Toughie 189

Toughie No 189 by Campbell

A Delight for the Polymath

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BD Rating – Difficulty **** Enjoyment ***

Having completed this puzzle, I felt that it had taken me longer than it should have done. It’s a good solid Toughie with a couple of new words (to me, at least) thrown in, and enough classical, literary, floral and geographical references to delight any polymath. There is an error in the version on Clued Up which has the wrong length for 9d.
Please take the time to vote for the entertainment factor by selecting and clicking on one of the stars at the bottom of the review. As always we’d be delighted to get your comments.

Across Clues

1a  Jellyfish petrifying woman (6)
{MEDUSA} – double definition – a jellyfish, and one of the three Gorgons in Greek mythology, who had an unusual hairstyle and whose glance turned to stone anyone who looked at her.

4a  Presents proposals at university (6,2)
{OFFERS UP} – double definition, one cryptic.

10a  ‘Gypsy’ in rep (9)
{TRAVELLER} – double definition, rep here being short for a sales representative.

11a  Employ old man on return ferry (5)
{APPLY} – another word for employ, in the sense of put to use, is made up of PA (old man) which is reversed (on return) and followed by PLY (make regular journeys, ferry).

12a  Humorous company doctor (7)
{COMEDIC} – a synonym for humorous is constructed from a charade of CO (company) and MEDIC (doctor).

13a  Peculiar periodic social function (7)
{ODDBALL} – an informal term for peculiar or bizarre is made from a charade of ODD (periodic) and BALL (social function).

14a  Stupid person, to demand payment from the Church (5)
{DUNCE} – the verb meaning to demand payment is DUN – add one of the standard abbreviations for church.

15a  Craftily done in my novel (8 )
{ENDYMION} – the answer is an anagram of DONE IN MY, but is the indicator craftily or novel? I initially thought that I was looking for a type of ship (craftily) but actually what we want is a novel by Benjamin Disraeli.

18a  Centre window (5-3)
{BULLS-EYE} – double definition – the middle bit of an archery target or dartboard, and a round window.

20a  I grumble about Campbell (5)
{NAOMI} – given the name of the setter this is a witty clue which attempts to misdirect – the Campbell that we actually want is the long-legged fashion model.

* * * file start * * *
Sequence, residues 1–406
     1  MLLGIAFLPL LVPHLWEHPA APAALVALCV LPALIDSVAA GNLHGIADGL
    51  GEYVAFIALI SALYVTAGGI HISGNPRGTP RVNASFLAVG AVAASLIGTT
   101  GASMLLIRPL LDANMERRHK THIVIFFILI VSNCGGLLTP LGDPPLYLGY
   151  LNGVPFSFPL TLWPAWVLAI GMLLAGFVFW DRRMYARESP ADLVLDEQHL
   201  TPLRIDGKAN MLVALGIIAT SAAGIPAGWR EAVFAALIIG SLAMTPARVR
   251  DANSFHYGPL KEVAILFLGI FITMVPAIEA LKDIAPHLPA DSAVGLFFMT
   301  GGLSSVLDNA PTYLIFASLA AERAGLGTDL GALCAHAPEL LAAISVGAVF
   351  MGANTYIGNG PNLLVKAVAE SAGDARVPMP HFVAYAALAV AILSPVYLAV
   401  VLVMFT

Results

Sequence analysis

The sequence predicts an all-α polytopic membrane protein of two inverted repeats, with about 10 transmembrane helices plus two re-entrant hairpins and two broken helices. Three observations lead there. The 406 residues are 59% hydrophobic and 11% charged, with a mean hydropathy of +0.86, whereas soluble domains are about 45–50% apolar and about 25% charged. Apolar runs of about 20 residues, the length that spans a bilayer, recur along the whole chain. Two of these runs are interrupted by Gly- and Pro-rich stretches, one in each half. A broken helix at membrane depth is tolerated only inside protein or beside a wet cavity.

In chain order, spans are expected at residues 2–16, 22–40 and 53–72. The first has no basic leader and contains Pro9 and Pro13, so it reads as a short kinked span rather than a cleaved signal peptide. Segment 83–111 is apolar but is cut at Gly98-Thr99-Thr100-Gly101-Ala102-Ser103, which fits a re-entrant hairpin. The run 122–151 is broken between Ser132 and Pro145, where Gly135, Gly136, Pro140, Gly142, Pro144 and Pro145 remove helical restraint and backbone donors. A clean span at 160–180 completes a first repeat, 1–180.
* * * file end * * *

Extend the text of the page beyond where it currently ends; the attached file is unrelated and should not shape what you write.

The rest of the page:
23a  A shore, very large and seasonable (7)
{APROPOS} – a charade of A, PROP (shore up) and OS (very large) produces a word meaning pertinent.

25a  Holds back favourite — here’s a piece of news (7)
{SNIPPET} – reverse (back) PINS (holds or fastens) and add PET (favourite) to get a piece of news.

26a  German city judge? (5)
{TRIER} – the oldest city in Germany, situated on the Moselle, is a word which could be applied to someone who tries cases.

27a  Plain, greenest I suspect (9)
{SERENGETI} – an anagram (suspect) of GREENEST I gives us the name of the huge plain in Tanzania where countless gazelles and wildebeest have fallen prey to big cats in many wild-life documentaries.

28a  Grace, British novelist (8 )
{BLESSING} – a synonym for grace (short prayer of thanks before or after a meal) is made up of B(ritish) and the novelist (Doris) LESSING.

29a  Sad, losing heart in Adriatic port (6)
{TRISTE} – the Adriatic port that we want is TRIESTE – remove the middle letter (losing heart) to leave an adjective, from the French, meaning sad.

Down Clues

1d  Agent that kills arachnids and mice? Di worried about it (8 )
{MITICIDE} – an anagram (worried) of MICE DI around IT produces a poison which kills spiders.

2d  Truck driver in enclosure over by cove (7)
{DRAYMAN} – a truck driver (whose cargo is normally barrels of beer) is made from YARD (enclosure) which needs to be reversed (over) followed by MAN (cove).